You have part of the puzzle in discharging taxes in a bankruptcy. Here are the six rules for discharging income taxes in a Chapter 7:
(1) THE THREE-YEAR RULE: most recent due date for filing the return is more than 3 years old. Three-year period is computed from most recent date the tax return is due for the the tax year. An extension to file the return delays the start time.
(2) THE TWO-YEAR RULE: The tax return has been filed or given by the taxpayer at least 2 years preceding the filing date of the bankruptcy.
(3) THE 240-DAY RULE: Tax claim was assessed at least more than 240 days preceding the filing date of the bankruptcy.
(4) TAX IS ASSESSABLE BUT NOT YET ASSESSED: Usually involves consent to extension to assess.
(5) NON-FRAUDULENT RETURN: Tax return in question was non-fraudulent.
(6) NO WILLFUL TAX EVASION: Taxpayer has not engaged in activity deemed a willful attempt to defeat or evade the tax.
Provided you met all of the above rules, your income taxes should be dischargeable in your Chapter 7 bankruptcy upon you receiving a discharge. There is no need for you to file a complaint to determine the dischargeability. The IRS, however, could file a complaint to object to the discharge if any of the above rules are not met according to your tax transcripts.
Other issue to consider: Any tax liens on your property? If so, the tax lien will remain despite the discharge of the taxes.
One could file an adversary proceeding complaint to "challenge" the dischargeability of a debt, but you as the debtor would not be filing an adversary proceeding complaint to "determine" the dischargeability of your own debt.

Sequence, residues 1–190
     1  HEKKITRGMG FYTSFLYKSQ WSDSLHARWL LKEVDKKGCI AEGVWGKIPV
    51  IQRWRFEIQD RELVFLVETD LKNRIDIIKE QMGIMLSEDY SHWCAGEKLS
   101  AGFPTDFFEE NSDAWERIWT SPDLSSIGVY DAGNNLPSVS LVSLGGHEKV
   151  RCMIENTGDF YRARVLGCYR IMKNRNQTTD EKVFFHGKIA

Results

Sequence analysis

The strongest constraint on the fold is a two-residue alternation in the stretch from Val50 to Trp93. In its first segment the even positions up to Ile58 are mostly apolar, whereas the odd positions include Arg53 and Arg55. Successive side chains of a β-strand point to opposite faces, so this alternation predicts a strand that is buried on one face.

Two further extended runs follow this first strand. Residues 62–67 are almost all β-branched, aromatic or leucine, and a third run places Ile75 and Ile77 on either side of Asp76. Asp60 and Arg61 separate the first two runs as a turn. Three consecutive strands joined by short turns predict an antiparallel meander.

The information presented here is general in nature and is not intended, nor should be construed, as legal advice. This posting does not create any attorney-client relationship with the author (who is only admitted to practice law in the State of California). For specific advice about your particular situation, consult your own attorney.
Usually if your tax liability is dischargeable, the IRS will concede it. Your schedule E should separate out how much of the taxes are entitled to priority, and how much are not. You should contact the IRS Bankruptcy section and determine if the two of you see eye to eye.
I agree with my colleagues. I would like to add one item - If your taxes do not meet the six item test, the IRS need not file an adversary to determine the taxes are non-dischargeable. The taxes simply are not discharged - the IRS need not take ANY action in the bankruptcy court.
I hope this helps.
Steven A. Leahy
Please note that the above is not intended as legal advice, it is for educational purposes only. No attorney-client relationship is created or is intended to be created hereby. You should contact a local attorney to discuss and to obtain legal advice.